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Title: Charles Allingham (c. 1778 – 1850) : the socio-artistic context for his work in Malta
Authors: Pavia, Georgina
Keywords: Allingham, Charles, 1778-1850
Portrait painting -- History -- 19th century -- Malta
Issue Date: 2017
Abstract: Very little was known about Charles Allingham when this research commenced. The aim was to discover as much information as possible about his life and works and in particular his sojourn in Malta. Charles Allingham came to Malta from England in the first decades of the nineteenth century. It was known that he was in Malta by 1819, and that he had executed a number of portraits and a few other genres whilst on the island. Other than that, very few works had been identified, and even less written about this artist. Accordingly, the attempt to research Allingham, how he came to Malta, from where, his patrons, the works he executed or which were commissioned, presented an interesting challenge. Indeed, it proved to be not only interesting, but also an exciting and intriguing journey. At times the information that was discovered, albeit trivial and infrequent, was elating, yet most times it was a frustrating trip, with leads ending in dead ends. The research had to start from the time of his youth in England, and his artistic development there. Whilst it was presumed that he had some formal artistic training, this was not corroborated by documentary evidence. It was therefore essential that one attempted to trace his artistic footsteps prior to his arrival in Malta and the influences that he may have been exposed to before landing on the island. Why he chose to come to Malta was also a mystery. Whether this was due to the fact that Britain had then just taken over the island and a number of British visitors were settling in Malta, or due to some other reason, needed to be established. Likewise, his acquaintances prior to settling in Malta and then once he was on the island, were crucial in trying to understand his background and connections which may have led to the commissions of his works. Another element in the research plan was to establish whether he had left any artistic legacy and influences on artists practicing during his time in Malta. The absence of information as to whether he had a workshop and assistants, or whether he was a lone studio operator was intriguing and this too needed to be clarified.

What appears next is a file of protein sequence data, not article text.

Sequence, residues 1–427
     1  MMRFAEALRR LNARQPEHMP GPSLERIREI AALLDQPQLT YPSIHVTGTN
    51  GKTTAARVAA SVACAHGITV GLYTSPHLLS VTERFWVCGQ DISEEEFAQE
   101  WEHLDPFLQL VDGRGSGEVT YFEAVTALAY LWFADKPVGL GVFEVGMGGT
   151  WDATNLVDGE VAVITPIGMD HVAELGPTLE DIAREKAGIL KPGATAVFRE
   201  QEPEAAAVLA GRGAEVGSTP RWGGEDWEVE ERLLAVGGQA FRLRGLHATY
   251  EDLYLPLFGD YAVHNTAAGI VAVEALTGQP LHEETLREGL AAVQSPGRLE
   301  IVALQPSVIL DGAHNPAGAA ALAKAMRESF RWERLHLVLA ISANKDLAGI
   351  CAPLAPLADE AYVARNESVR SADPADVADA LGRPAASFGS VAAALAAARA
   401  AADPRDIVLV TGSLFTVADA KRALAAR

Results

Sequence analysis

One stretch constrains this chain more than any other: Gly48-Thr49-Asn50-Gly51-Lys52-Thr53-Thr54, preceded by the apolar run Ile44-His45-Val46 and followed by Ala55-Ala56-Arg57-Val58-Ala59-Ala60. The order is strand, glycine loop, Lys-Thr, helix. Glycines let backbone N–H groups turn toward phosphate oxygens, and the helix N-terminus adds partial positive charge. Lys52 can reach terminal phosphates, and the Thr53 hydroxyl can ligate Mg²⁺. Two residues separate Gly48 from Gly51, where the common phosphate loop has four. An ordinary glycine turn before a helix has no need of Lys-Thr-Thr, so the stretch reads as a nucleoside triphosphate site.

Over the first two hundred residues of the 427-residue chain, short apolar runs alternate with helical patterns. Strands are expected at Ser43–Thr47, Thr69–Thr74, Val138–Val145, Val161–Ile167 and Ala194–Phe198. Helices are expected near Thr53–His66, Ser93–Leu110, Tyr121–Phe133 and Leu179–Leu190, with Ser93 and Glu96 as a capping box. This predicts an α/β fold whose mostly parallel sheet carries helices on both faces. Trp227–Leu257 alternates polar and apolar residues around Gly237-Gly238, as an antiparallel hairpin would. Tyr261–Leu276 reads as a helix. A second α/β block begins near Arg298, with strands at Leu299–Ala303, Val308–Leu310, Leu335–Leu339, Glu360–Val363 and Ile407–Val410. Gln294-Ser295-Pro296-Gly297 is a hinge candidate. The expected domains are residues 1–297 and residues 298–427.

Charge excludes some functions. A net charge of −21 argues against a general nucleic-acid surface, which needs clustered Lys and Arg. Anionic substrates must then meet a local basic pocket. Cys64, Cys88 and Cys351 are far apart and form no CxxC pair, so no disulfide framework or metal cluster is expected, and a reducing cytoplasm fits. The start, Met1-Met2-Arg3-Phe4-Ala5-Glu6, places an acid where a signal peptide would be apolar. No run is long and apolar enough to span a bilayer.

Description: M.A.HIST.OF ART
Appears in Collections:Dissertations - FacArt - 2017
Dissertations - FacArtHa - 2017

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